For over 200 years it has been conjectured that prenatal infection results in adverse physical and developmental outcomes for children. In 1787 William Perfect wondered whether a particularly virulent influenza epidemic occurring during that year was responsible for an increase in insanity among those gestationally exposed. In 1845 Esquirol commented that insanity is more prevalent during epidemic years and this increase seems to be independent of moral causes. At the turn of the 20th Century Emil Kraeplin (1919) commented that “infections in the years of development might have a causal significance” for dementia praecox (p. 240). After the 1919 influenza pandemic, which killed more people than World War I, Karl Menninger speculated that the infection may be causally related to schizophrenia. Menninger (1928) later retracted his statement.
In 1941 Sir Norman Gregg, an Australian pediatric ophthalmologist, discovered that mothers who contracted rubella during pregnancy had offspring with severe eye cataracts and other physical deformities. Gregg (1941) reported that of the 78 children born in the first few months of 1941 who came to see a doctor in the Sydney area for cataracts, 68 had been prenatally exposed to Rubella, two to three times the usual congenital rate. This research increased professional interest in the relationship between viral infections, and profound physical and neurological outcomes that were clearly evident at birth.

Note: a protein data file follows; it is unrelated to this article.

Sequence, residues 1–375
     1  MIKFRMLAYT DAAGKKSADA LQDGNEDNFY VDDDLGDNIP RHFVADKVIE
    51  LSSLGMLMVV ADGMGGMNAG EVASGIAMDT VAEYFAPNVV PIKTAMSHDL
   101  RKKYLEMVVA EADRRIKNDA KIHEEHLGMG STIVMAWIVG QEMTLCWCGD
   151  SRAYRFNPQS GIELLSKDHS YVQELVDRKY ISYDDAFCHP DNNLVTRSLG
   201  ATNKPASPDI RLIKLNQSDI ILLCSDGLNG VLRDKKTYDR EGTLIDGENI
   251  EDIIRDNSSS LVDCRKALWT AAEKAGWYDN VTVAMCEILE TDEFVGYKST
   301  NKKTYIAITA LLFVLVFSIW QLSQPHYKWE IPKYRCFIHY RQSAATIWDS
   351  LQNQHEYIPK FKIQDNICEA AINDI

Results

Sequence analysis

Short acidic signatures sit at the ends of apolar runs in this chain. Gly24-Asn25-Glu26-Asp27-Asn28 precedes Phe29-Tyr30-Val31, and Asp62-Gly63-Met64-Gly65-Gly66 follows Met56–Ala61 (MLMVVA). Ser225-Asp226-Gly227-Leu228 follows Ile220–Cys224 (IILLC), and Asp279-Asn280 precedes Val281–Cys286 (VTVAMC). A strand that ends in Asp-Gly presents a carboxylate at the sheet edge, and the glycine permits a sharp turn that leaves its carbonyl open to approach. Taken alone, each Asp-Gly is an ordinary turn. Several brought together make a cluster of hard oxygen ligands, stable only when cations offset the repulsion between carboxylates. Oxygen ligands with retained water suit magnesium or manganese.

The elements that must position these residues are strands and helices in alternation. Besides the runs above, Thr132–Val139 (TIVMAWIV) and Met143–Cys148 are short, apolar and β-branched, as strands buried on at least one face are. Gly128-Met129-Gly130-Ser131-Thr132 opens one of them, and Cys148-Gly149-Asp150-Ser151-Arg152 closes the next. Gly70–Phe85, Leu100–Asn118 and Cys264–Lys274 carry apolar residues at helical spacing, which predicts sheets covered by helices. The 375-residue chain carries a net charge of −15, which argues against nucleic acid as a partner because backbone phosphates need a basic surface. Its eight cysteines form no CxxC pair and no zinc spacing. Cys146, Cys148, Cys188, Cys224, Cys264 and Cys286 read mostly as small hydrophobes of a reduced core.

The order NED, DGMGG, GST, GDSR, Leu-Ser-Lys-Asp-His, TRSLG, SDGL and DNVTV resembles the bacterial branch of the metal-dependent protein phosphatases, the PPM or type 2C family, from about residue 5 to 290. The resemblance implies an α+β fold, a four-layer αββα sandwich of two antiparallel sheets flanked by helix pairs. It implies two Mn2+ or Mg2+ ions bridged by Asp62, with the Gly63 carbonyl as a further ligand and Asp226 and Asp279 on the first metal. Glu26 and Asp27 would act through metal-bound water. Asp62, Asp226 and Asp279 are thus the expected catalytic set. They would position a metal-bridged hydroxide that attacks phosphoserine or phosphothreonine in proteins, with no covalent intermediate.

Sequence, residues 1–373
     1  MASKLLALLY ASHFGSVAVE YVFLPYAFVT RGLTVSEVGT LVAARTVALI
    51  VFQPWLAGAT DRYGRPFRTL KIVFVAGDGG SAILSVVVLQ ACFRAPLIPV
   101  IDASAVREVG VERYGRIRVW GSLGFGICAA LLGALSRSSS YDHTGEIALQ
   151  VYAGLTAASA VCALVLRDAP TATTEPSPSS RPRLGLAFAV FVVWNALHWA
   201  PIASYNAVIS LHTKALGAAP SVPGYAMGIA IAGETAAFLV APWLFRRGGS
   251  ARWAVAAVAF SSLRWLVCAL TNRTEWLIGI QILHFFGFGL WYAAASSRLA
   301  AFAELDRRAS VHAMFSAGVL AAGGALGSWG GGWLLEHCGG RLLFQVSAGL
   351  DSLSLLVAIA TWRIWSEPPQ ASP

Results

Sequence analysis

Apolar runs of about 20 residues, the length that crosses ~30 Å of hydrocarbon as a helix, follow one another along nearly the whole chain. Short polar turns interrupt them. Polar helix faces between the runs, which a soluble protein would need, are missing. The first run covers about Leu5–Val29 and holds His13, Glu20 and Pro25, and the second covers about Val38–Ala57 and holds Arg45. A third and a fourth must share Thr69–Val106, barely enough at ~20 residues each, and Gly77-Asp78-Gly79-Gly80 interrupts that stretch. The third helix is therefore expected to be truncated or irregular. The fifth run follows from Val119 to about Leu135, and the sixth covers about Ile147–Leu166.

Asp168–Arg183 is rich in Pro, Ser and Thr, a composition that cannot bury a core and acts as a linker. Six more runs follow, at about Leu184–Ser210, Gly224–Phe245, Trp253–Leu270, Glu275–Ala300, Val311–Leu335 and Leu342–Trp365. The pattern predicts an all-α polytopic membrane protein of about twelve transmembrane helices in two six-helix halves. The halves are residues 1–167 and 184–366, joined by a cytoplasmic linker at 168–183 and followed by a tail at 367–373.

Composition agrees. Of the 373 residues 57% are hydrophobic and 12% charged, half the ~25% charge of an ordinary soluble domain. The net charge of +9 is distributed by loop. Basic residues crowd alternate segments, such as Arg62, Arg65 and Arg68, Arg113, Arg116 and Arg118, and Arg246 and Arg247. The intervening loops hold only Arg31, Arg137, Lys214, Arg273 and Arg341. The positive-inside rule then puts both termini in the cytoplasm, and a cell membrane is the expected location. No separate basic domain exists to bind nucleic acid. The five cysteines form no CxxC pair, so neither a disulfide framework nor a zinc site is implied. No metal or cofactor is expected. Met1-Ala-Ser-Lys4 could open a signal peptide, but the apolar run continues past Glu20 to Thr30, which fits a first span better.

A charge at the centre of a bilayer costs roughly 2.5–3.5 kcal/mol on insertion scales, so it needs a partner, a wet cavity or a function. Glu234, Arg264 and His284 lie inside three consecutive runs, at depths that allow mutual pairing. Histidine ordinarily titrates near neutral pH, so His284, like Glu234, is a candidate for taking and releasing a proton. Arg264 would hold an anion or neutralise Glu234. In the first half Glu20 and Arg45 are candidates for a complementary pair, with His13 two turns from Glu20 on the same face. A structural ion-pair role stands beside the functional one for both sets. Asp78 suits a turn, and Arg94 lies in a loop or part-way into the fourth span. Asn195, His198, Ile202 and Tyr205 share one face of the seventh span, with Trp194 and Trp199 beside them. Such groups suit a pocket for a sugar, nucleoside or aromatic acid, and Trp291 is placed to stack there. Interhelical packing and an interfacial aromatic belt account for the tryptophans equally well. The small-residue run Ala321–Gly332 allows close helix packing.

It was not until 1988 when researchers turned their gaze toward prenatal infection in relation to more subtle psychological and behavioral outcomes. This interest was inaugurated following Mednick, Machon, Huttunen and Bonnett’s (1988) reported association between the 1957 influenza pandemic and increased risk of schizophrenia in a sample from Finland. Since this study, more than three dozen articles have appeared that have investigated this issue. The majority have found a significant association between infection and schizophrenia. Since the early 1970s other prenatal infections including Rubella, measles, mumps, cytomegalovirus, chicken pox, toxoplasmosis and herpes simplex 2 have been sporadically investigated for their possible association with psychopathology. The research base on these infections in relation to psychological and behavioral outcomes is sparse compared to that of influenza.
Within this chapter we broadly review the extant literature regarding some of the more commonly experienced prenatal infections in relation to adverse developmental outcomes. We have further limited the discussion primarily to psychological and behavioral effects.
KeywordsInfluenza Pandemic Gestational Exposure Fetal Brain Development Psychiatric Outcome Trimester Exposure
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